3 in 4 UAE employees prefer 5-day work week, full on-site arrangements

This comes as the country transitions to shorter work weeks

3 in 4 UAE employees prefer 5-day work week, full on-site arrangements

Despite the emergence of more flexible options, many employees in the United Arab Emirates (UAE) still prefer a five-day work week and full on-site working arrangements.

Findings from a study by the Boston Consulting Group (BCG) and The Network revealed that 76% of UAE jobseekers want the traditional work week, while 58% prefer being in the office full-time.

The findings, as reported by the Gulf News, are contrary to the growing worldwide momentum of work arrangements that are more flexible, such as a four-day work week and hybrid work arrangements.

It also comes as UAE introduces shorter work weeks for many workplaces there, which traditionally worked from Sunday to Thursday.

In 2022, the federal government introduced a shorter work week that will have eight hours a day on Monday to Thursday, with Fridays shortened to only 4.5 working hours.

Flexible working hours may also apply on Fridays, as well as the option to render work at home, according to the UAE government.

What employees want

Determining what employees prefer in terms of working arrangements is an important aspect in recruitment and retention, especially since 73% of job seekers feel they are in a strong negotiating position when looking for a job.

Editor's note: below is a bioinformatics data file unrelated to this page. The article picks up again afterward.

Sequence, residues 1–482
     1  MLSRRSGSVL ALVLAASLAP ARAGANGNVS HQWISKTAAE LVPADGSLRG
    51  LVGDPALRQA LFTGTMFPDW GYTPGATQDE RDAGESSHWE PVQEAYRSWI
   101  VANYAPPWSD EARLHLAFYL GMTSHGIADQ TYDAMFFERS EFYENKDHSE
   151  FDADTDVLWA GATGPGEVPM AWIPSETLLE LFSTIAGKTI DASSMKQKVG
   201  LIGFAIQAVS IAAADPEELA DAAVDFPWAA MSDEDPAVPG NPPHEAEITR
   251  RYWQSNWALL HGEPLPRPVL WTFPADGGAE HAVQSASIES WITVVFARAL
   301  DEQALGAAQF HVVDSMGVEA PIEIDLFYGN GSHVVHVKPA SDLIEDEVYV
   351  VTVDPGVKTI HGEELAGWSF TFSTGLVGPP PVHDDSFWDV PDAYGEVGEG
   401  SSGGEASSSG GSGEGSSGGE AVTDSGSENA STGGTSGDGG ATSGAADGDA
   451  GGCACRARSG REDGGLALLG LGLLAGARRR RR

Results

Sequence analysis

This comes as at least 82% of the respondents said they are approached multiple times a year about new job opportunities, with 57% being approached monthly, according to the survey.

"Most talents (67%) imagine their ideal career in a stable job with a good work-life balance and time for family, friends, and hobbies. However, a main deal breaker when looking for a job is still financial compensation," said Christopher Daniel, Managing Director and Senior Partner, BCG Middle East, as quoted by Gulf News.

Daniel added that a strong offer may not be enough, as 41% of UAE jobseekers would turn down an offer if they had a negative experience during recruitment.

One way to improve an organisation's hiring process is to interact early on with candidates, according to Callam Pickering, Indeed's APAC Senior Economist.

"From an effectiveness perspective, it's about identifying those top candidates early in the process and potentially fast tracking them through your hiring process, looking to reduce that early-stage turnover and the costs that are associated with that," he said.

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